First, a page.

DDoS attacks often look mundane, so it’s difficult to know what to expect. Furthermore, a cybersecurity audit should unravel any trace of a DDoS attack. However, a detailed network analysis is necessary to determine an ongoing attack. 

Below are network and service behaviors that may suggest a DDoS attack. The occurrence of any of them should worry you: 

1) A particular or several IP addresses make consecutive and often similar requests over a short period. 

2) A surge of traffic appears to come from users with similar characteristics, behaviors, devices, geographical locations, or browsers.

3) You receive a server time-out when attempting to test it with a pinging service.

4)  A server responds with a 503 HTTP error code. Meaning it is either offline for maintenance or overloaded.

5) Network logs show an unusual and frequent spike in bandwidth. Bandwidth normally balances for a functioning server.

6) Network logs indicate an unusually and unexpectedly large spike in traffic to a particular endpoint or browser.

This behavior can also help IT support teams identify the type of DDoS attack. For instance, a 503 error likely indicates a protocol-based or network-centric DDoS attack.


Why Small Businesses Are At the Greatest Risk of Cyberattacks


Generally speaking, small businesses are more vulnerable to cyberattacks than large corporations because they lack the resources to protect themselves and the latter. The business world is relatively hostile. As a result, small business enterprises (SBEs) focus their resources on survival while neglecting cybersecurity. This leaves their business IT systems susceptible to cyberattacks.

Most SBEs typically lack a dedicated budget for cyber security. Studies show that 47% of small businesses (<50 employees) don’t have a budget for cyber security. Those prefer to handle their IT services internally instead of managed IT services. Cybercriminals understand this, and they take advantage of the fact that most small businesses feel too small to warrant a cyberattack.

However, this is not the case, as IBM reported that 52% of small businesses experienced a cyberattack in 2020. This number keeps rising yearly since cybercriminals find it easier to attack small businesses that can’t efficiently protect their IT infrastructure and network.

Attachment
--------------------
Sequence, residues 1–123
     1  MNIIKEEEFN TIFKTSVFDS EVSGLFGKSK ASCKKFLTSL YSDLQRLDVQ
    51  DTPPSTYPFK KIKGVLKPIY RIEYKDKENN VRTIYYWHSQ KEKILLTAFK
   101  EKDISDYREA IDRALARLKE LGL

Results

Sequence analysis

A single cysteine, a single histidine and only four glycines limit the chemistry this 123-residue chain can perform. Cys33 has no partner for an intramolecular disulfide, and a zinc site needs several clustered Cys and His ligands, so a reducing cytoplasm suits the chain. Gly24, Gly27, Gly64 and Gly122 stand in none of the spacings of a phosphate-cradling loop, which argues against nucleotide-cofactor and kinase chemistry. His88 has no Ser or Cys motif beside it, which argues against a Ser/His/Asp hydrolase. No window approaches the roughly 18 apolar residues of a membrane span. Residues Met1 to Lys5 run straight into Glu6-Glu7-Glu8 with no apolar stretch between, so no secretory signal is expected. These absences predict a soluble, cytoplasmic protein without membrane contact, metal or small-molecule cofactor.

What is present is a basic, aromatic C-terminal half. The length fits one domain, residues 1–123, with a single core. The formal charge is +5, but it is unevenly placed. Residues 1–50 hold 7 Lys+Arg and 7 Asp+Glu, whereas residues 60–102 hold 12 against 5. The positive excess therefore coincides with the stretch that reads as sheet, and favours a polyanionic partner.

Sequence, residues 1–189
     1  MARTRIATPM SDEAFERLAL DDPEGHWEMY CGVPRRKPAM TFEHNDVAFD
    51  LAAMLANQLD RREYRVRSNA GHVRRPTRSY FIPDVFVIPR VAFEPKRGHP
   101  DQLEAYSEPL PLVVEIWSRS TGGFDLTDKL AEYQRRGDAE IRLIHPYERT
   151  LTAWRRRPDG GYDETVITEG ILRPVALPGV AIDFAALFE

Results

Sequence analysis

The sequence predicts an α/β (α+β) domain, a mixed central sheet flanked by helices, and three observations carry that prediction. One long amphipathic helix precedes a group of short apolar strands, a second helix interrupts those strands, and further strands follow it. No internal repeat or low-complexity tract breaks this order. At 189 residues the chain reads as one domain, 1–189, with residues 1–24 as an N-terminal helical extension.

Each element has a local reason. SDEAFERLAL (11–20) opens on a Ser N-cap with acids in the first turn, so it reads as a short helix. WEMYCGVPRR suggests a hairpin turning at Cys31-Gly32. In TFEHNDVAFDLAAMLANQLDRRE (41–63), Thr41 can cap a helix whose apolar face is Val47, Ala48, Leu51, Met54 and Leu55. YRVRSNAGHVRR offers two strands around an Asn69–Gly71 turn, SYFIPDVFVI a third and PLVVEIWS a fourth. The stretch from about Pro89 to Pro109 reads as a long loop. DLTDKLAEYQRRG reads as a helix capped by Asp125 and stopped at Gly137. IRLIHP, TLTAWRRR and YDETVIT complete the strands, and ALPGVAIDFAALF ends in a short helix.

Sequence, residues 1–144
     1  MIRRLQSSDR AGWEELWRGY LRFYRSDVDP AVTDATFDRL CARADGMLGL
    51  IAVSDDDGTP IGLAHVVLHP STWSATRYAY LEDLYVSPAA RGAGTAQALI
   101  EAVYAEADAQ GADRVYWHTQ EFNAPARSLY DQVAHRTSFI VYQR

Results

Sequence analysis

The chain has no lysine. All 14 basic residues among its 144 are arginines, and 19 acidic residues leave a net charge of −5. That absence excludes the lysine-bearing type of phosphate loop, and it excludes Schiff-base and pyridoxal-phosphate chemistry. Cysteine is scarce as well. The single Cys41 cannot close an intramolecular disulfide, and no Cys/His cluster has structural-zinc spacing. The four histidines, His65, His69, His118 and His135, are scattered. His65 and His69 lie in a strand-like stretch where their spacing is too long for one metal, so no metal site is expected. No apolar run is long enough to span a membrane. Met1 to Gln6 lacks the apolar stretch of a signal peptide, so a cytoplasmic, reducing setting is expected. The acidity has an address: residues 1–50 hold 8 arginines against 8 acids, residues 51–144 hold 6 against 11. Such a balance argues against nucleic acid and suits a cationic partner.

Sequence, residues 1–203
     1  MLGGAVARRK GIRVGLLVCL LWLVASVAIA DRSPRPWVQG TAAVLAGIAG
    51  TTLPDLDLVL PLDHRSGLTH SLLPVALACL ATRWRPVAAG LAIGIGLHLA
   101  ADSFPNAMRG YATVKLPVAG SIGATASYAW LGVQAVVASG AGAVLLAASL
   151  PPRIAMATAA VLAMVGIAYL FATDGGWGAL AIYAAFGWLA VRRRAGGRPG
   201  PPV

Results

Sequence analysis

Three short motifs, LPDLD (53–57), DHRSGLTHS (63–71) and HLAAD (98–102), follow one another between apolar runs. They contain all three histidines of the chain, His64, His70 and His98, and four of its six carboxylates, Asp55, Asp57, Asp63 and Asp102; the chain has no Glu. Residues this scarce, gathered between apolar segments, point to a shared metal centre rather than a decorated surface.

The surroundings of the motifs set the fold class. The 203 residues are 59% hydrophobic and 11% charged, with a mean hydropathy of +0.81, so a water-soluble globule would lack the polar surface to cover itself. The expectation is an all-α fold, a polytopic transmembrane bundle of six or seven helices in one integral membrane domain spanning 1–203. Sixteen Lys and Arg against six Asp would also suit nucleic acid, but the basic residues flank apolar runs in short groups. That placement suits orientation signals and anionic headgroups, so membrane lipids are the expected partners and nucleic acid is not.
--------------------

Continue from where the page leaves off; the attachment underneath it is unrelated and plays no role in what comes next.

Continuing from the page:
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How Cyberattacks Hurt Small Businesses


DDoS attacks that have disrupted the activities of big businesses are well-documented. For example, the Mirai botnet affected IT services for tech giants like Amazon, Netflix, Reddit, Spotify, and Twitter.

Today, businesses of different scales are more willing to adopt technologies into their operations to accelerate their digital transformation. Unfortunately, this increase in digital transformation also comes with a considerable increase in cyberattacks. Any business can be a victim of cyberattacks, but small business enterprises are at the greatest risk, and here is why.

These cyberattacks can severely damage a small business’s operations. It is important for business owners and their employees to understand the impact a cyberattack can have on their business so that they can take strict precautions around their managed IT services.


Cyberattacks cost money and resources.

Small businesses will have to incur the costs created by a successful cyberattack hit which can cause a business’ value to plummet significantly. These direct costs include paying ransomware, fines, incident responses, post-attack analysis, etc.

Alternatively, your business might also need to provide some incentives to retain its customers, like discounting products or free credit monitoring.

The business might incur legal charges if sensitive consumer data is breached since customer data is legally protected. You might also need to bring in additional personnel to help to manage the breach. This can include technical IT support, lawyers, and auditors.

The costs incurred here can vary from mild to severe, but IBM reports that the average cost per data breach in 2022 is about $164. One thing is for sure, the chances that a small business will get through a cyberattack without any financial implications are minimal.


Cyberattacks harm your credibility.